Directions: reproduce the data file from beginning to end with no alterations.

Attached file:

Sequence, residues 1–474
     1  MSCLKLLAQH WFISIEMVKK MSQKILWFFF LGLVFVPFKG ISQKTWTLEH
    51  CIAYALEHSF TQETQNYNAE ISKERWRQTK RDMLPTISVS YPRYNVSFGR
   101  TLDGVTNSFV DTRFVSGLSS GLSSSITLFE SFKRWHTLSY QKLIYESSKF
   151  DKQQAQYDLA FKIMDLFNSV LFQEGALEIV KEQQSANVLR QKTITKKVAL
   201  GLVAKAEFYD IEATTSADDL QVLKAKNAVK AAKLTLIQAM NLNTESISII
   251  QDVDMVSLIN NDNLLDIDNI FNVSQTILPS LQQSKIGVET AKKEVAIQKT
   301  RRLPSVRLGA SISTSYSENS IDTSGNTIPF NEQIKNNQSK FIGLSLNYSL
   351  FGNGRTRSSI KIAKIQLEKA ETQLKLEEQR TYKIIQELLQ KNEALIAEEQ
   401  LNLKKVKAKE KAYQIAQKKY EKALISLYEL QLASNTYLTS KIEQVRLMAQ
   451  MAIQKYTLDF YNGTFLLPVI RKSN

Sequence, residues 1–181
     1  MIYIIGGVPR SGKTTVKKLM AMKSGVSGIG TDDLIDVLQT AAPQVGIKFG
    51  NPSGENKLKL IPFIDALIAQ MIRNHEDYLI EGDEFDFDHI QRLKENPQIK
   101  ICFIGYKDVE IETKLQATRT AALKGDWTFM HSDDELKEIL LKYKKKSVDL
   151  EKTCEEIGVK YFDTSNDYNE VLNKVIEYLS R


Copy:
Sequence, residues 1–474
     1  MSCLKLLAQH WFISIEMVKK MSQKILWFFF LGLVFVPFKG ISQKTWTLEH
    51  CIAYALEHSF TQETQNYNAE ISKERWRQTK RDMLPTISVS YPRYNVSFGR
   101  TLDGVTNSFV DTRFVSGLSS GLSSSITLFE SFKRWHTLSY QKLIYESSKF
   151  DKQQAQYDLA FKIMDLFNSV LFQEGALEIV KEQQSANVLR QKTITKKVAL
   201  GLVAKAEFYD IEATTSADDL QVLKAKNAVK AAKLTLIQAM NLNTESISII
   251  QDVDMVSLIN NDNLLDIDNI FNVSQTILPS LQQSKIGVET AKKEVAIQKT
   301  RRLPSVRLGA SISTSYSENS IDTSGNTIPF NEQIKNNQSK FIGLSLNYSL
   351  FGNGRTRSSI KIAKIQLEKA ETQLKLEEQR TYKIIQELLQ KNEALIAEEQ
   401  LNLKKVKAKE KAYQIAQKKY EKALISLYEL QLASNTYLTS KIEQVRLMAQ
   451  MAIQKYTLDF YNGTFLLPVI RKSN

Sequence, residues 1–181
     1  MIYIIGGVPR SGKTTVKKLM AMKSGVSGIG TDDLIDVLQT AAPQVGIKFG
    51  NPSGENKLKL IPFIDALIAQ MIRNHEDYLI EGDEFDFDHI QRLKENPQIK
   101  ICFIGYKDVE IETKLQATRT AALKGDWTFM HSDDELKEIL LKYKKKSVDL
   151  EKTCEEIGVK YFDTSNDYNE VLNKVIEYLS R